A summary in the April 15 edition of AANP SmartBrief gave the incorrect name of the drug that showed the lowest risk of new-onset diabetes for participants in a meta-analysis. The name of the drug is pravastatin. SmartBrief regrets the error.
A New Zealand meta-analysis that included data from 24 trials found that acute pancreatitis was linked to nearly twice the risk of developing diabetes. Study author Dr. Maxim Petrov said the high rate of new-onset diabetes after a bout of AP shows the need for better prevention and screening strategies.
Canadian researchers found atorvastatin was associated with a 22% increased risk of new-onset diabetes, while patients who took rosuvastatin or simvastatin had an 18% and 10% increased risk of the condition, respectively, compared with patients taking pravastatin. Pravastatin, fluvastatin and lovastatin were tied to a slightly lower diabetes risk, researchers reported in BMJ.
NH2-terminal probrain natriuretic peptide values of greater than 91 pg/mL were associated with an increased risk of all-cause and cardiovascular mortality in older type 2 diabetes patients, including those without a history of heart disease, a study showed. Patients with modest increases in NT-proBNP and those who did not have microalbuminuria and cardiovascular disease at baseline also showed higher mortality risks, researchers wrote in Diabetes Care.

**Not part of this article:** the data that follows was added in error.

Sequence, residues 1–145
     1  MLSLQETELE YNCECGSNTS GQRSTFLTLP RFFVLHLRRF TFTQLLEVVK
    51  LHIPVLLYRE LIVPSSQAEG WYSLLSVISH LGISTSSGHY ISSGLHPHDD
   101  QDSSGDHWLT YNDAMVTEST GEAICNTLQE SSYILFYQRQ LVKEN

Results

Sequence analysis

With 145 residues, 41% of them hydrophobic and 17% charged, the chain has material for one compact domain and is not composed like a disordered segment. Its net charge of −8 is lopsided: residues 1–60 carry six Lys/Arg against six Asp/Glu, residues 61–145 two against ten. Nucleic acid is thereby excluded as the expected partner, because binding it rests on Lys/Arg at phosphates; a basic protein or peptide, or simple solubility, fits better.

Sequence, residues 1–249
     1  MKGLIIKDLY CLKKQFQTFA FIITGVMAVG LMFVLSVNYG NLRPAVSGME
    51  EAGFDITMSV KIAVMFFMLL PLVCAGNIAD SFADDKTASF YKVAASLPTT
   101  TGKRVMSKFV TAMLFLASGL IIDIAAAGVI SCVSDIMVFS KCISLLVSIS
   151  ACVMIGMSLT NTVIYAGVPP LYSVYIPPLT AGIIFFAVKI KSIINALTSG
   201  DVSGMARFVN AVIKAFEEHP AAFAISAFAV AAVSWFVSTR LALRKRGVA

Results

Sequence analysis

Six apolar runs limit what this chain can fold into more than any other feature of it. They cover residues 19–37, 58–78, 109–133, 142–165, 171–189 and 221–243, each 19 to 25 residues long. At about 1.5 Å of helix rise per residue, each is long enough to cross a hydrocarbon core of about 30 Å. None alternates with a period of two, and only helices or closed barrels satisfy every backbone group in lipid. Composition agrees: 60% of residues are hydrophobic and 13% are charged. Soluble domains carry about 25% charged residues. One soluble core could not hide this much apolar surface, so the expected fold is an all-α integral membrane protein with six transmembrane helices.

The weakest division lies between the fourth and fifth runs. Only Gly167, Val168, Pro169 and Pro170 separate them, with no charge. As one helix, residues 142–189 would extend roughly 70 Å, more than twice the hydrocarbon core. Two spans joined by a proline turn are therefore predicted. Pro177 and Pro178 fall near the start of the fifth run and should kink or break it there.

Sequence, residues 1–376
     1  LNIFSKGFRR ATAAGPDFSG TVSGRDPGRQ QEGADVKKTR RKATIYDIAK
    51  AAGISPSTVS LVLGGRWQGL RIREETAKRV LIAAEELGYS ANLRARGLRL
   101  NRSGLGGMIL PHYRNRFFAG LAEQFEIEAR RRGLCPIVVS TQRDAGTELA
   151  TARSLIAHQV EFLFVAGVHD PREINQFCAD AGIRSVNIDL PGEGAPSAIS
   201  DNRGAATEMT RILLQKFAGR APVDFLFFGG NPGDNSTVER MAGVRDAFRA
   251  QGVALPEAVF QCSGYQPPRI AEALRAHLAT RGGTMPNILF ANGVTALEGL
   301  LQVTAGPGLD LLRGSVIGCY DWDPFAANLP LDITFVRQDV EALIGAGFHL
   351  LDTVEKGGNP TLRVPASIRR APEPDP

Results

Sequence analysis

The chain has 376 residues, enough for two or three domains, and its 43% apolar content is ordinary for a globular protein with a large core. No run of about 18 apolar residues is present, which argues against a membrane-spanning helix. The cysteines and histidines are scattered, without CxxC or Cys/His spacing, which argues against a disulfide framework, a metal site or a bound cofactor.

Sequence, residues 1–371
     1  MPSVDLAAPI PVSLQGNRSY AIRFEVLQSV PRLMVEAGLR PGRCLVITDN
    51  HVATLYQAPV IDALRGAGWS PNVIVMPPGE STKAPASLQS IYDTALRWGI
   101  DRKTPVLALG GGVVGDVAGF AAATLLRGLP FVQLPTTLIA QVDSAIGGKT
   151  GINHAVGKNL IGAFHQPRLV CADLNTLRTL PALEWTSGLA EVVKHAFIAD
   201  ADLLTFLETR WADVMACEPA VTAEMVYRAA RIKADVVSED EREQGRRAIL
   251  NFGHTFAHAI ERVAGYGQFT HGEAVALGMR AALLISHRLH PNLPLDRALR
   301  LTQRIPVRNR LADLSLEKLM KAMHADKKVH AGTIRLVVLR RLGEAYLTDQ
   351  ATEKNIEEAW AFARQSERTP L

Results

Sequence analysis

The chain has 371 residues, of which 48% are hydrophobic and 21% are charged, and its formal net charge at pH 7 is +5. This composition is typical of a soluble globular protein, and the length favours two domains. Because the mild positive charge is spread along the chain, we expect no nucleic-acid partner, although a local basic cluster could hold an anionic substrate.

Nurse practitioner and trauma program manager Joe Blansfield of Boston Medical Center said his year serving in Iraq helped him during his work with the victims of the Boston Marathon bombing. Last week's experience was "disturbingly similar," he said. "The lessons learned in Iraq definitely paid dividends on Monday," said Blansfield, who was a colonel in the Nurse Corps of the Army Reserve.
Participants taking plavastatin showed the lowest risk of new-onset diabetes, while atorvastatin and rosuvastatin were associated with intermediate and higher risk, compared with people in a placebo group, a meta-analysis in The American Journal of Cardiology revealed.